At the ripe age of 30, Tim Burton's "Batman Returns" has aged pretty wonderfully. The film did not exactly adhere to the source material, but it was able to capture the essence of a great live-action Batman film. It featured Michael Keaton's best performance as the titular character, while Michelle Pfeiffer cemented herself as the quintessential Catwoman. The film also boasted a fan-favorite and inspired performance by Danny DeVito as the Penguin. And, as it turns out, the film nearly included a previous incarnation of the villain from the iconic "Batman" television series.

Burgess Meredith, who played the Penguin in the "Batman" television series from 1966, almost made his way into "Batman Returns." The first person to play the Penguin in live-action, Meredith brought the villain to life in a campy, yet faithful fashion. He looked the part as well, sporting a comic-accurate suit and purple top hat, appropriately colorful for the era. Compared to Meredith's performance, DeVito played a distant version of Penguin's counterpart. In a way, Meredith paved the path for DeVito's interpretation — so much so that "Batman Returns" considered paying homage to the '60s TV series by bringing back the actor for a small yet vital role.

An Orphan Not Named Bruce

In "Batman Returns," the film opens with a pretty bleak and disturbing origin story for the antagonist. Oswald Cobblepot, the son of two wealthy Gotham socialites, was born heavily deformed on a cold winter night. When they decide to abandon the child, the parents drop Oswald off in the sewers as a wee baby. It's here where he is raised by a group of penguins, spending over thirty years plotting his revenge on the world that abandoned him. Naturally, Meredith was eyed for the role of Tucker Cobblepot, Penguin's father.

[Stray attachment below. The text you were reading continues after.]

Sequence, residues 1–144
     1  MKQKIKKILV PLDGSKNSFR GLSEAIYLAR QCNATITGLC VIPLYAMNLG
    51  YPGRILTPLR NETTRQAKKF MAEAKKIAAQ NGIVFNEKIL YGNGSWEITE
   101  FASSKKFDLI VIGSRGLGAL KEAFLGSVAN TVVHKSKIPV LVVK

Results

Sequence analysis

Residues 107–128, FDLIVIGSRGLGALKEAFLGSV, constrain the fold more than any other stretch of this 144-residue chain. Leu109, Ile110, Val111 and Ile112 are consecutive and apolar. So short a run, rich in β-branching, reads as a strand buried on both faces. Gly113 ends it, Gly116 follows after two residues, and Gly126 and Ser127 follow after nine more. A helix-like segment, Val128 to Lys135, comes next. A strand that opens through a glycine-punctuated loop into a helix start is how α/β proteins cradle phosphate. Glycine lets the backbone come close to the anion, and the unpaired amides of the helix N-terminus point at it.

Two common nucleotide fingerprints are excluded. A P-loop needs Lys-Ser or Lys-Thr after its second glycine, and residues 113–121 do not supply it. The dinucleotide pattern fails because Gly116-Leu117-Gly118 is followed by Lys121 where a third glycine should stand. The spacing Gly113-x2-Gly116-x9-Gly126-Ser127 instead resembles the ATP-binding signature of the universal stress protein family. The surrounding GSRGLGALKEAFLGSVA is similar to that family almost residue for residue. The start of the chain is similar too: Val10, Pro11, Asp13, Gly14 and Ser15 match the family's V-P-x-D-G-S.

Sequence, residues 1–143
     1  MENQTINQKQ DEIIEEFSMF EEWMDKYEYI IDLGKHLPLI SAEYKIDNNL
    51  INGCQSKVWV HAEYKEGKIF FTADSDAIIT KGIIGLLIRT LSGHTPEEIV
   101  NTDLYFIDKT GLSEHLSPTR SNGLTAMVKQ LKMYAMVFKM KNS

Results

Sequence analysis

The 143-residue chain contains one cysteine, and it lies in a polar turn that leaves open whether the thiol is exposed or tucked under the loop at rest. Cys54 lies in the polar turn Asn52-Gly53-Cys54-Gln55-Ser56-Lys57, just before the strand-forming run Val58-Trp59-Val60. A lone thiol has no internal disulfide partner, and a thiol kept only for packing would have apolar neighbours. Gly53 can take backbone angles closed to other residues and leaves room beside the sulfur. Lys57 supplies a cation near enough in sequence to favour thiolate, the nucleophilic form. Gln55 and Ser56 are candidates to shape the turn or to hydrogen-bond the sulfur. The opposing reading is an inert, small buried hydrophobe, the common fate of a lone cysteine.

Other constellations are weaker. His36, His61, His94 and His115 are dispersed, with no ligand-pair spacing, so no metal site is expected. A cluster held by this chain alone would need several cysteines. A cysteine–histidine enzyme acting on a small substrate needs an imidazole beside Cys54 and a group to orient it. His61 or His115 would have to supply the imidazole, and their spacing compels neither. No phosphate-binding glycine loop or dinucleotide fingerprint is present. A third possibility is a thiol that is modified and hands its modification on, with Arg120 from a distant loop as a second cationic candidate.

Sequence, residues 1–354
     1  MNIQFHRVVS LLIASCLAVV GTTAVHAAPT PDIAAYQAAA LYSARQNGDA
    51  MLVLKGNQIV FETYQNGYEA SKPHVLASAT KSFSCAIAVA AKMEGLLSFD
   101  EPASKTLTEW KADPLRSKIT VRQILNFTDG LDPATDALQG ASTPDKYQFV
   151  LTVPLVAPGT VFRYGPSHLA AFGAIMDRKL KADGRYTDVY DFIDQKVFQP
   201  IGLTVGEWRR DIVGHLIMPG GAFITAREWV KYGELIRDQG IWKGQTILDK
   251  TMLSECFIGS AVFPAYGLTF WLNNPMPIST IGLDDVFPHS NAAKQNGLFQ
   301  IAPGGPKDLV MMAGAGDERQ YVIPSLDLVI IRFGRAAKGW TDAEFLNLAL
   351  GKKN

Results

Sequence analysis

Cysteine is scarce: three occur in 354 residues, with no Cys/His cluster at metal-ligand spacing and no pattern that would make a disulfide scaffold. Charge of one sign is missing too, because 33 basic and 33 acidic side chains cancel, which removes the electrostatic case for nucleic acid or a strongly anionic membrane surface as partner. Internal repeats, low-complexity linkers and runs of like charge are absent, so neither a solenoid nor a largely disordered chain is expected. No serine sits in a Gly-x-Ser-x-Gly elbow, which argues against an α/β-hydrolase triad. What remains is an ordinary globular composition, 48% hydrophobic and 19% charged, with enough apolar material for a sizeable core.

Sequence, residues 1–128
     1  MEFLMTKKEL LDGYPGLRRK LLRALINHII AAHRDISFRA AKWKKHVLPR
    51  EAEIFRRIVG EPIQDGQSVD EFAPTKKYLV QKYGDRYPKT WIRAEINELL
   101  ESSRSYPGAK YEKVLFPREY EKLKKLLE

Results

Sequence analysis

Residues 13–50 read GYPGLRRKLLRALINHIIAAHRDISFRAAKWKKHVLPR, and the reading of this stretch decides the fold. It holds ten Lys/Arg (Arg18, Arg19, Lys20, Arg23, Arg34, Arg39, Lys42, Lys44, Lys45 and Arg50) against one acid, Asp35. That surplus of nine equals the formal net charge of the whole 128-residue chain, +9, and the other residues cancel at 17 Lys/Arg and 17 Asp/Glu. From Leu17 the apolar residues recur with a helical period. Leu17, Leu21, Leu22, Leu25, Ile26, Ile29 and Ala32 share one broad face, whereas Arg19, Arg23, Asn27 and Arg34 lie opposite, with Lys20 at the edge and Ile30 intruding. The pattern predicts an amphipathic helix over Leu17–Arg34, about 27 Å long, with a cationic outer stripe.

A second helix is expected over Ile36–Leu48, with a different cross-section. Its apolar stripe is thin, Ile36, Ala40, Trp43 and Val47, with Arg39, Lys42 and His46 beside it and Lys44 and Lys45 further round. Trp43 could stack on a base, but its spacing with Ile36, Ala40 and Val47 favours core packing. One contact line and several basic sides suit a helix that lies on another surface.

Unfortunately, Meredith could not join the film at the time due to an illness, so the role went to Paul Reubens instead. Meredith's inclusion would have seen him literally introduce a new version of the character to the world, one much more disturbing than the last. And while DeVito's iteration bares little resemblance to Meredith's take on the character, it would have been fitting to see a metaphorical passing of the baton. Don't get me wrong, Reubens was a pretty good choice and even played Oswald's father again in "Gotham" decades later, too. But c'mon, just imagine how cool Meredith would've looked in a Burton film.

Although the cameo appearance didn't end up happening, both superhero projects remain pinnacles of live-action Batman adaptations. The '60s "Batman" series is available to stream on Roku, while "Batman Returns" can currently be watched on HBO Max.

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